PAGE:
buyback.
The firm uses cash to buy shares of its own
outstanding stock.

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Share Repurchases (cont'd)

Open Market Repurchase


When a firm repurchases shares by buying
shares in the open market
Open market share repurchases represent
about 95% of all repurchase transactions.

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Share Repurchases (cont'd)

Tender Offer
A public announcement of an offer to all
existing security holders to buy back a
specified amount of outstanding securities at
a prespecified price (typically set at a 10%-
20% premium to the current market price)
over a prespecified period of time (usually
about 20 days)
If shareholders do not tender enough shares,
the firm may cancel the offer and no buyback
occurs.

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Share Repurchases (cont'd)

Dutch Auction
A share repurchase method in which the firm
lists different prices at which it is prepared to
buy shares, and shareholders in turn indicate
how many shares they are willing to sell at
each price. The firm then pays the lowest price
at which it can buy back its desired number of
shares

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Share Repurchases (cont'd)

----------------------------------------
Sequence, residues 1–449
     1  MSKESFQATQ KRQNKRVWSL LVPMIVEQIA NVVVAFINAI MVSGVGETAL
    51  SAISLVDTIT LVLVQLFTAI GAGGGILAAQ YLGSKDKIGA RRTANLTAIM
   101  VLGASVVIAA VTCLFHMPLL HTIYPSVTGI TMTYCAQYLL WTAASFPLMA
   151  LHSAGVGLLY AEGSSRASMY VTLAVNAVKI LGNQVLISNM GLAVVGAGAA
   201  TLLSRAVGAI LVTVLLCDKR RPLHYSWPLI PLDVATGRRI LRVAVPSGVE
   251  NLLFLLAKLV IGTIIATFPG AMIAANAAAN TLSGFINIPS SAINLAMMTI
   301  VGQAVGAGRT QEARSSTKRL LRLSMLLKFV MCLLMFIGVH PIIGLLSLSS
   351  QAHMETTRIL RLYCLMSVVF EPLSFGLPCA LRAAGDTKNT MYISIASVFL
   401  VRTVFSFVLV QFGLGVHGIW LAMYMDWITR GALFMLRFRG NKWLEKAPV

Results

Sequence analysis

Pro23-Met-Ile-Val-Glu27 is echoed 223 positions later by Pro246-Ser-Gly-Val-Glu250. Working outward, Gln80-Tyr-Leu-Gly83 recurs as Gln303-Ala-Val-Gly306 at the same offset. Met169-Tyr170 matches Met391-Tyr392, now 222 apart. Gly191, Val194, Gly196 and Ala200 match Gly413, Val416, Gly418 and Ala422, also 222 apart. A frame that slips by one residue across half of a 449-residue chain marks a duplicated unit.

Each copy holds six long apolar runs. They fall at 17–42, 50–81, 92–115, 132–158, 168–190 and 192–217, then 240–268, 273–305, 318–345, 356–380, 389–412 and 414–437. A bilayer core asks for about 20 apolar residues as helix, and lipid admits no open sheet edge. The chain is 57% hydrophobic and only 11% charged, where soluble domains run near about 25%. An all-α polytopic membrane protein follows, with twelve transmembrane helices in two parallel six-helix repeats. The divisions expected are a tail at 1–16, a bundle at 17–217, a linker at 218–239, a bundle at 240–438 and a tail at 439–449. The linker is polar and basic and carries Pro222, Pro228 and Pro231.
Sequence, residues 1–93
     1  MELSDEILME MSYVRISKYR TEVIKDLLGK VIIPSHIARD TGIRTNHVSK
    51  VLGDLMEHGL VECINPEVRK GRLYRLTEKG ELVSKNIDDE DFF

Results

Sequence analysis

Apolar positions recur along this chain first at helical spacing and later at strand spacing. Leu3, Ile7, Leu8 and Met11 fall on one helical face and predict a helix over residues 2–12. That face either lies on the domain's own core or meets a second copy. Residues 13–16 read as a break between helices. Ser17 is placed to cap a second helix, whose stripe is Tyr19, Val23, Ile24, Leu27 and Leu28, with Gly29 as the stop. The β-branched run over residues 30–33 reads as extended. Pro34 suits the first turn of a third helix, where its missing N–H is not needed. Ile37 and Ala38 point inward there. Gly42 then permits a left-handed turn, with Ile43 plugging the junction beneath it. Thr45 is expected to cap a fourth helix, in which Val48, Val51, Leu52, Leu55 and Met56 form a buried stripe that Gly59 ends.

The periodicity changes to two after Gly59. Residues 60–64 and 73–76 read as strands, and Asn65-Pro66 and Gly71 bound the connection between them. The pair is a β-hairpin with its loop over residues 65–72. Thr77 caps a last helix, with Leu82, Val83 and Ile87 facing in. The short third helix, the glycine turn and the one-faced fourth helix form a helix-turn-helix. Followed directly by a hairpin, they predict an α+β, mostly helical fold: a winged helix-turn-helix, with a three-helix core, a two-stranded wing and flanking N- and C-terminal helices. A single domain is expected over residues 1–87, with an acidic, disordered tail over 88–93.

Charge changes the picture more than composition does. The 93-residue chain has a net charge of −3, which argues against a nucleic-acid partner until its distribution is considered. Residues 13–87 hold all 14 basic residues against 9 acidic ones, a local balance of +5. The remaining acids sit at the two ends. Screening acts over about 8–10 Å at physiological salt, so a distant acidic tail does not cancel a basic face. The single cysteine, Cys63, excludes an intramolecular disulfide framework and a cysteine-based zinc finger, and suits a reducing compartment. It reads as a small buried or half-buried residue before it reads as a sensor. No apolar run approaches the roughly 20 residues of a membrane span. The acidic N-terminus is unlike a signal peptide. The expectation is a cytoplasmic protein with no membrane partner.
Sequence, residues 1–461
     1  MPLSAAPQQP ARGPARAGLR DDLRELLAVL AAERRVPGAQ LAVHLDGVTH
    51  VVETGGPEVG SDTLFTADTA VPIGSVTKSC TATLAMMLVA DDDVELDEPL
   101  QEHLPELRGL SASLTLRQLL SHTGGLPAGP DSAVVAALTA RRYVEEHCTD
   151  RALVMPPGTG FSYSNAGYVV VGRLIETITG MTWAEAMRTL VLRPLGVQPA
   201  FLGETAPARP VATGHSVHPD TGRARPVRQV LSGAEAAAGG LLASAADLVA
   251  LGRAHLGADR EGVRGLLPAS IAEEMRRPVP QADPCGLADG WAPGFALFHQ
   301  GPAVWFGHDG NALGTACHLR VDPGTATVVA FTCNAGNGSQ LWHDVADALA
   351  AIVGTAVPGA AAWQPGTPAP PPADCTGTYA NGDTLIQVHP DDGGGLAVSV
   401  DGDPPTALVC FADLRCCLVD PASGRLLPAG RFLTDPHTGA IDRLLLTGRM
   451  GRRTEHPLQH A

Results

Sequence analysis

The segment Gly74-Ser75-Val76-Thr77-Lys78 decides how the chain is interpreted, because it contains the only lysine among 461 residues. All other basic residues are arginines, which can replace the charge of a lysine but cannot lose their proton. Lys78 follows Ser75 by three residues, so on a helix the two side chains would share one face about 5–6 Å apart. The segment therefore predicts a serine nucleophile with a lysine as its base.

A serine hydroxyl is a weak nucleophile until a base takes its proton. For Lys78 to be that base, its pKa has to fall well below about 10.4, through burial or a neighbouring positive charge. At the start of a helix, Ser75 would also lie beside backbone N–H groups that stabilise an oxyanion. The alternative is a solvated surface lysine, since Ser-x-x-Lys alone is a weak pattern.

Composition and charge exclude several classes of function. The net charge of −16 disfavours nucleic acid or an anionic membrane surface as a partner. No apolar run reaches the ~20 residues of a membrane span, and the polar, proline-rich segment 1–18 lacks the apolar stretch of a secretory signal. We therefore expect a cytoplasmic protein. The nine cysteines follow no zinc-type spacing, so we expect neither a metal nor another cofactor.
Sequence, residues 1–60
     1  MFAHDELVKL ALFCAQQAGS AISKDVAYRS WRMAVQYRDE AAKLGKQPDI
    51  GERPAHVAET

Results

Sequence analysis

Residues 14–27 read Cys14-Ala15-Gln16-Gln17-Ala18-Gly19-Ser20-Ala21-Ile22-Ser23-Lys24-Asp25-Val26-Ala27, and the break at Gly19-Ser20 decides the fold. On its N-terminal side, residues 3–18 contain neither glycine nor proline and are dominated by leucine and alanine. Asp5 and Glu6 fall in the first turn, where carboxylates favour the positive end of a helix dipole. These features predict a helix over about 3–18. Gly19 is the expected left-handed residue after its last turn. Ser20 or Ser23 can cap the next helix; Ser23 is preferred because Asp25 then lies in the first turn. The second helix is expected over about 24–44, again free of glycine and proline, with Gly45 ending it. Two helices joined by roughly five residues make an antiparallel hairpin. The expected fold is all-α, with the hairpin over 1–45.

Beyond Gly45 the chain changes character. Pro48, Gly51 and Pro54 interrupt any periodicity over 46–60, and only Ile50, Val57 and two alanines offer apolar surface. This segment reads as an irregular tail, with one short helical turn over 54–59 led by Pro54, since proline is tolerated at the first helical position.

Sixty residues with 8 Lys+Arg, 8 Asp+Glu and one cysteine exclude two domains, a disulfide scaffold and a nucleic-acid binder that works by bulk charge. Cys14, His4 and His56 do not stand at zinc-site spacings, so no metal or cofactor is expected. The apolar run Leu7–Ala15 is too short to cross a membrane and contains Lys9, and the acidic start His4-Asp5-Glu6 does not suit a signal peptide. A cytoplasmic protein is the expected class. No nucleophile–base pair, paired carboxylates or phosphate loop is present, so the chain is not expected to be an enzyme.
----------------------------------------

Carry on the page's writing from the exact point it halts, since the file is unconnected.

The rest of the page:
Targeted Repurchase
When a firm purchases shares directly from a
specific shareholder

Greenmail
When a firm avoids a threat of takeover and
removal of its management by a major
shareholder by buying out the shareholder,
often at a large premium over the current
market price

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17.2 Comparison of Dividends
and Share Repurchases
Consider Genron Corporation. The firms
board is meeting to decide how to pay out
$20 million in excess cash to shareholders.
Genron has no debt, its equity cost of
capital equals its unlevered cost of capital
of 12%.

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Alternative Policy 1: Pay Dividend
with Excess Cash
With 10 million shares outstanding,
Genron will be able to pay a $2 dividend
immediately.
The firm expects to generate future free
cash flows of $48 million per year, thus it
anticipates paying a dividend of $4.80 per
share each year thereafter.

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Alternative Policy 1: Pay Dividend with
Excess Cash (cont'd)

Cum-dividend
When a stock trades before the ex-dividend
date, entitling anyone who buys the stock to
the dividend

The cum-dividend price of Genron will be


4.80
Pcum Current Dividend PV (Future Dividends) 2 2 40 $42
0.12

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Alternative Policy 1: Pay Dividend with
Excess Cash (cont'd)

After the ex-dividend date, new buyers will


not receive the current dividend and the
share price and the price of Genron will be
4.80
Pex PV (Future Dividends) $40
0.12

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Alternative Policy 1: Pay Dividend with
Excess Cash (cont'd)

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Alternative Policy 1: Pay Dividend with
Excess Cash (cont'd)

In a perfect capital market, when a


dividend is paid, the share price drops by
the amount of the dividend when the stock
begins to trade ex-dividend.